The Mayo Clinic recorded 14 knee dislocations during an interval of 2 million admissions. [7] In a large series from Los Angeles County Hospital, 53 knee dislocations were reported over a 10-year period. A study from Finland reported 837 knee dislcoations over a period of 14 years and found the incidence to be highest in men aged 18 to 29 years (29 dislocations per 1 million person-years in 2011). [8]

The true incidence of knee dislocations is higher than reported because as many as 50% of knee dislocations spontaneously reduce before patients present to the emergency department.



Multiple outcome studies after surgical intervention for knee dislocation universally report that patients rarely claim that their knee function is normal. [9, 10]  Wascher reported results after ACL reconstruction, PCL reconstruction, or both in 13 patients with knee dislocations, and results after a mean of 38 months follow-up care. [11]  One patient claimed his knee felt normal, six returned to unrestricted sports activities, and four returned to modified sports.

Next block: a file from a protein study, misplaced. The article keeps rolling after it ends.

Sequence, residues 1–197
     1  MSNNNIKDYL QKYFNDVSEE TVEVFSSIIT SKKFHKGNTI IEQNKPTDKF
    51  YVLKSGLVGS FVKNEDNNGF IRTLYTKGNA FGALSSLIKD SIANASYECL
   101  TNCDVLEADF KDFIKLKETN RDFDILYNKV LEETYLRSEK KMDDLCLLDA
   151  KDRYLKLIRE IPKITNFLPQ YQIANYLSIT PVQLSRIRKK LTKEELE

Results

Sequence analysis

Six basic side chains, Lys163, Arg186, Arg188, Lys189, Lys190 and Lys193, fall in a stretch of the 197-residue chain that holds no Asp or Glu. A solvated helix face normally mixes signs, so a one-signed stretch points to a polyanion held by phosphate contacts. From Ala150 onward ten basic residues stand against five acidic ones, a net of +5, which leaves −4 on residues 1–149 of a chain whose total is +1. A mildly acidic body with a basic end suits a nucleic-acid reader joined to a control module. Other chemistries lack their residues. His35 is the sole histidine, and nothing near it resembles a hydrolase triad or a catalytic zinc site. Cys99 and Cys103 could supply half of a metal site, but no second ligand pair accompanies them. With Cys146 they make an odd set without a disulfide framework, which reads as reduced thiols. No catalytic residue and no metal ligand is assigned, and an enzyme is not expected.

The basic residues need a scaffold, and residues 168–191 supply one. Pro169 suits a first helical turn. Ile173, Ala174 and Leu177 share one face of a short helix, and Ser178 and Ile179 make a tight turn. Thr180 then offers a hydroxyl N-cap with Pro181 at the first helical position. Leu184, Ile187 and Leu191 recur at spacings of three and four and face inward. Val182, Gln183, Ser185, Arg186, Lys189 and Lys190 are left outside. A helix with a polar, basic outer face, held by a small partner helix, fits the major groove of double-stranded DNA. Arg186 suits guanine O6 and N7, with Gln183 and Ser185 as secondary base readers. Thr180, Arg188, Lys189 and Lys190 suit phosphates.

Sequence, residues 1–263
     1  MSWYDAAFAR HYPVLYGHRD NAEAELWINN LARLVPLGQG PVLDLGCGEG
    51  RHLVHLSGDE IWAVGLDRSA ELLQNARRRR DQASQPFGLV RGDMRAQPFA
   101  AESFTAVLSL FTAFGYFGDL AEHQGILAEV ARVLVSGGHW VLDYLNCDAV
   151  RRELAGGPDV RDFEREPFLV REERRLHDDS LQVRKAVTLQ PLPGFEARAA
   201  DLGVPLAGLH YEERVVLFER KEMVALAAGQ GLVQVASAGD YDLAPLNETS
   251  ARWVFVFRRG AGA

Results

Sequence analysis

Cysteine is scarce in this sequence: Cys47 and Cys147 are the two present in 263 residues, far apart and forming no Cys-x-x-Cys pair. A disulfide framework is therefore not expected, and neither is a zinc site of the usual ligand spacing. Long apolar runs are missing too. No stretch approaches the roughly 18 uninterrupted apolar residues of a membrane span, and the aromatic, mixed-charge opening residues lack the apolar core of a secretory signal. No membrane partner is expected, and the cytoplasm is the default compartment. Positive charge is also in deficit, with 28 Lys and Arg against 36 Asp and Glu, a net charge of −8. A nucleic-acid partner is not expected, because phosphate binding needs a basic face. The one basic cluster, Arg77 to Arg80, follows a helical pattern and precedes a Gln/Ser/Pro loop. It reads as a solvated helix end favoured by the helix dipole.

Shapiro reported the outcome after allograft reconstruction of the ACL and PCL after traumatic knee dislocation. [12]  Seven patients had an average of 51 months follow-up care postoperatively. Only one patient had significant pain, three had occasional or rare sensations of knee instability, and all seven were able to return to work or school. Four patients required knee manipulation at an average of 16.8 weeks postoperatively for knee arthrofibrosis. The functional grading was excellent in three, good in three, and fair in one.

Yeh reported the outcome after arthroscopic reconstruction of the PCL with open repair of collateral ligaments and capsule in 23 patietns followed for a mean of 27 months. [13]  At the latest follow-up visit, the mean knee extension was 1° and knee flexion was 129.6°.